How to Exercise When You’re Busy or Tired

Exercise when tired busy

There are two main reasons people don’t exercise: They’re “too busy,” or “too tired.” And so they find it hard to make time for exercise.

But if you’re reading this, it means you think exercising is important. Maybe you’re trying to lose weight or grow more muscle. Or you want to improve your fitness because you’re tired of chasing after your breath every single time you climb the stairs.

We all need to exercise. That’s actually one of the few things you can say about everyone. We need food, sleep, and movement. Those are the essentials of a good life.

Science has shown that exercise also improves your focus and energy. Which helps a lot when your day is packed with activities.1Source: Mayo Clinic

Here’s the key to exercising even when you’re too busy or tired: Do what you can, not what you wish to do.

People often miss their workouts because they decide they can’t do the routine they want.

  • “I’ve got tons of work to finish. By the time I’m done, it would be too late to hit the gym.”
  • “I want to train for a marathon. But I’ve got too many responsibilities right now. I’ll put that off for when I have the time to do it.”
  • “It’s been a long day at work. I probably don’t have the energy to exercise anymore. So I’ll just binge-watch on Netflix, as usual.”

There’s a solution for any of the above scenarios: Exercise on a smaller, more convenient scale.

If you can’t hit the gym, go for a 15-minute walk instead. Marathon training isn’t suitable for your lifestyle yet? Then try running even just 5 kilometers thrice a week. Feeling out of energy? Do something light and more relaxing, like yoga or a dance class.

The key is to exercise in the capacity you can, and not in your ideal scenario. Because that’s just how life works. Responsibilities arrive every day, and emergencies happen. You don’t have to be a perfectionist who trains like an Olympian. You can simply work out based on your schedule and needs.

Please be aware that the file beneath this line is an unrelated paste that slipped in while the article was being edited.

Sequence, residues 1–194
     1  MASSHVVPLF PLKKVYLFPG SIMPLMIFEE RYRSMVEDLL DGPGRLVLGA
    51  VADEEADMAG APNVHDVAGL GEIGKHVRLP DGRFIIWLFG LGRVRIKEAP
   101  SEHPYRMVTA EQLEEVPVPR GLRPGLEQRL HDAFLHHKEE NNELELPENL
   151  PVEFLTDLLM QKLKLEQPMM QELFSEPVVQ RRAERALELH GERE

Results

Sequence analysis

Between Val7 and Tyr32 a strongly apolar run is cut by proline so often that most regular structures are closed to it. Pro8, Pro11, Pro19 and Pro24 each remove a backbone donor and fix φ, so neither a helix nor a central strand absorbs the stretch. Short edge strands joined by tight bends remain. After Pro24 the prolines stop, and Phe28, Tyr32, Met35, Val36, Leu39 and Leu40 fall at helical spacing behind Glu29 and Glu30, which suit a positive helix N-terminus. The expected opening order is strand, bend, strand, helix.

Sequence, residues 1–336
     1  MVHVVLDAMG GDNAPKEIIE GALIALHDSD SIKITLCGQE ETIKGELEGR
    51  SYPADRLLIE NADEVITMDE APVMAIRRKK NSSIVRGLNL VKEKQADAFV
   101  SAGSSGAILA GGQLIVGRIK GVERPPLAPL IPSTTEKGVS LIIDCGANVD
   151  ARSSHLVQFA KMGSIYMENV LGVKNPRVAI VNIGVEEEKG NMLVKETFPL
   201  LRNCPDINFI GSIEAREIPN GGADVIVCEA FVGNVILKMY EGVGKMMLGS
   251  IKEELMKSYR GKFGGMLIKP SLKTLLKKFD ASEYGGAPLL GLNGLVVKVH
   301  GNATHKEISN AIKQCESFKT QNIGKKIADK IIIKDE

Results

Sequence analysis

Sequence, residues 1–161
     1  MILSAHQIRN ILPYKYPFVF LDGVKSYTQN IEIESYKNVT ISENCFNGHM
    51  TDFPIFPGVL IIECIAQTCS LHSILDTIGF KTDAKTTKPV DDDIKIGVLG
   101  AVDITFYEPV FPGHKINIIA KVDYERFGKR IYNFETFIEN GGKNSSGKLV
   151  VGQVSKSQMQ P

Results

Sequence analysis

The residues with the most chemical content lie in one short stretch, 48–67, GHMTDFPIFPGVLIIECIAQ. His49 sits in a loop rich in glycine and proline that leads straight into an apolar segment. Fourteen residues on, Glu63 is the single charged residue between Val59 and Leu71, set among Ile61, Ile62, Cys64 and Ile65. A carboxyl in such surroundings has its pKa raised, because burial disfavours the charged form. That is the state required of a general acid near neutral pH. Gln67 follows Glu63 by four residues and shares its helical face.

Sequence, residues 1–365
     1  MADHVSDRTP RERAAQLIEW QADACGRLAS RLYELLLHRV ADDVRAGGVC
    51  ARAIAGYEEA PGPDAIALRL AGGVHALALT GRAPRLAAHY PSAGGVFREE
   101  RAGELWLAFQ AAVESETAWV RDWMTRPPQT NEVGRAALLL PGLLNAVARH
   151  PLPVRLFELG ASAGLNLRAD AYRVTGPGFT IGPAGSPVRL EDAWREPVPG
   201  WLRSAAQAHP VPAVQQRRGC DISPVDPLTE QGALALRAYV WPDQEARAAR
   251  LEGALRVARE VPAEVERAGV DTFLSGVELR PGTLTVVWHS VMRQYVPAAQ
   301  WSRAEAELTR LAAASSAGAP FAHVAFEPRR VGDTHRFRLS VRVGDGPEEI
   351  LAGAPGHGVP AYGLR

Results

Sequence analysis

As long as you ACT. And you act consistently.

Here are 3 other tips for exercising when life gets hectic.

1. Make it ridiculously easy to work out

My researcher, John, once tried to keep a gym routine. But it never stuck. The closest gyms are 15-25 minutes away because he lives in a rural mountain town.

So every time he thinks about hitting the gym, he calculates his travel time, plus workout time, and then determines whether he can slot that time in his day. Unsurprisingly, his usual answer was: “I don’t have the time for this right now.”

Years later, he switched to running; where he could exercise the moment he stepped out of his apartment. There were times when he went out for a walk and because he was wearing running shoes and shorts, he transitioned his walk to a 1-hour run. Even when it’s raining outside, John could maintain minimal physical activity by running back and forth at home.

I can relate to this. If I want to go to a gym, I need to make sure it’s really close to my house or it’s on the way to my office. Otherwise, I just won’t go.

And when I’m traveling, I bring a TRX Go system with me so I can at least do some exercise no matter where I am.

When your workout is ridiculously simple and easy to execute, you can exercise more sustainably.

2. Do it because it’s fun

If running or hitting the gym isn’t for you, then you can stick to other physical activities like hiking, skating, swimming, yoga, dancing, etc.

Here’s a mindset shift: It’s not about having an exercise routine. It’s about avoiding a sedentary lifestyle. The key is to keep your body on the move.

Think of the top 3 leisure activities you do daily. These could be things like binge-watching series, eating out, having brunch with friends, even scrolling social media, and so forth.

We all do small things every day to boost our dopamine. The key is to have at least one or two small, daily dopamine boosters that are physically demanding.

Take cycling for example. Going out doesn’t have to be another dinner night. Instead, you can spend time with friends cycling through nature. Or attending a dance class with your partner.

Do something you enjoy that moves your body regularly. When you execute this mindset, you’ll find yourself thinking less of exercise. And more of having fun — while maintaining your health.

Get active!

3. Be kind to yourself. But always act

Guilt creates a negative cycle: Folks feel guilty for not working out more — even when they know they should — which pushes them to rely on dopamine-boosters (like doom scrolling or binge eating sweets) that are bad for their health, which make them feel guiltier.

This thought pattern often happens without us noticing. So it’s important to spot it early. Wallowing in guilt won’t push us to action. Or even if it does, it’s usually temporary.

And what’s the best way to battle those sedentary dopamine-boosters?

By getting some exercise-induced dopamine!

To exercise even when you’re busy or tired, we need to keep things simple and enjoyable. So be kind to yourself. And focus on keeping your workout fun and a natural part of your lifestyle.

Start moving and make sure you keep moving.

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